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  • Ovarian cancer is a deadly disease that is challenging to diagnose and manage
  • Although it only accounts for 3% of cancers in women, it is the 5th leading cause of cancer death among women
  • If diagnosed and treated early before it spreads the 5-year survival rate is 92%
  • But only 15% of women with ovarian cancer are diagnosed early
  • The disease is hard to diagnose because it is rare, the symptoms are relatively benign, and there is no effective screening
  • Ovarian cancer is not one disease, but a collection of subtypes each demanding specific treatment pathways
  • Gold standard treatment is surgery followed by chemotherapy
  • A large proportion of patients develop resistance to chemotherapy
 
Improving ovarian cancer treatment

Part I
 
Are things beginning to improve for people living with ovarian cancer? When the British advertising magnate Lord Maurice Saatchi’s wife died of ovarian cancer in 2012 he described her treatment as, “degrading, medieval and ineffective” leading “only to death”. Ovarian cancer patients have long had limited treatment options, which have not changed much in the past two decades, but recently things have begun to change.

 
In this Commentary
 
This is the first of a 2-part Commentary on ovarian cancer, which briefly describes the condition, explains the difficulties of diagnosing it early, and discusses some of the challenges of developing effective screening mechanisms for the cancer in pre-symptomatic women. Part 2, which will follow separately next week, reports new studies, which hold out the prospect of improved treatment options for women living with ovarian cancer. It also suggests that improvements in ovarian cancer care are both organizational and scientific. Experts believe that they now have a number of treatment options available to them. Utilising and sequencing these appropriately can have a significant impact on the overall survival rates of patients. Multidisciplinary teams, which are not universally available to all ovarian cancer patients, bring together all specialisms involved in the therapeutic pathway to consider and suggest optimal treatment steps for individual patients, and make a significant contribution to improved ovarian cancer care. Both Commentaries draw on some of the world’s most eminent ovarian cancer clinicians and scientists.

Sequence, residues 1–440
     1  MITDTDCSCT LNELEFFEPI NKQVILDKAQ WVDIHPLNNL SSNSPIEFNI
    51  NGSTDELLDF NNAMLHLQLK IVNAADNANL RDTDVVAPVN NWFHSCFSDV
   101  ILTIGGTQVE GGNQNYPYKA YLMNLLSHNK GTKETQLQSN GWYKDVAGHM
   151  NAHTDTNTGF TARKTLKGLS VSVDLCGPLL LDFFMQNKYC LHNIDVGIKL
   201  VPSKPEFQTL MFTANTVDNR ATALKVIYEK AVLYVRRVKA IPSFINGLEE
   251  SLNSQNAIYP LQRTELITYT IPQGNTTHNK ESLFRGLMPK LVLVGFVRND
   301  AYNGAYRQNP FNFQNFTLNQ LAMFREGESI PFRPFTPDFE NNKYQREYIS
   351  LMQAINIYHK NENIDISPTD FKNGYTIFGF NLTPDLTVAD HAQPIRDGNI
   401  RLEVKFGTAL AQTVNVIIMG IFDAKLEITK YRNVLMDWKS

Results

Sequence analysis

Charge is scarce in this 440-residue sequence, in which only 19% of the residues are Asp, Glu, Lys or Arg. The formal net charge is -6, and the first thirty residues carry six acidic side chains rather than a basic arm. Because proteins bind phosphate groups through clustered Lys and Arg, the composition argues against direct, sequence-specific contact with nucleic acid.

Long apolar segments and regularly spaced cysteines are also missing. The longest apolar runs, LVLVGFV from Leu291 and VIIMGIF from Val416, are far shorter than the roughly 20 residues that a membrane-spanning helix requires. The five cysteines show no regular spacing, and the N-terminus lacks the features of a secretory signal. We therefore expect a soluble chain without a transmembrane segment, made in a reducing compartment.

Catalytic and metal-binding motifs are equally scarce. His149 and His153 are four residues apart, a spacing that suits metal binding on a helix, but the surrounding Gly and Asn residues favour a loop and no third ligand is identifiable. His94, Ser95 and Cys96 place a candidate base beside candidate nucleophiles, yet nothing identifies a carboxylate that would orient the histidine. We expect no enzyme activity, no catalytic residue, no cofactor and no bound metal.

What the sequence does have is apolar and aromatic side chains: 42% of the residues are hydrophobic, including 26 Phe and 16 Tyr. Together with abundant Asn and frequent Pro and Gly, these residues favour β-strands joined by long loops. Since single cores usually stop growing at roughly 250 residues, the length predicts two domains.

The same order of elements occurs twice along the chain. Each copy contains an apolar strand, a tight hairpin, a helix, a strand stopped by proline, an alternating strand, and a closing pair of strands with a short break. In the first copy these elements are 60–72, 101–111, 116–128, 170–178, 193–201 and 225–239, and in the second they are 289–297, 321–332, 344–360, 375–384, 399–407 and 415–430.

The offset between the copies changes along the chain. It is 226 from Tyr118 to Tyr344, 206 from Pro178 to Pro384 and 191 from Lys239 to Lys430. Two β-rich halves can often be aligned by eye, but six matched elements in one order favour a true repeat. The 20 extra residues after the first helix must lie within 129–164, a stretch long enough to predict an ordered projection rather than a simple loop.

Ovarian cancer: a complex and deadly disease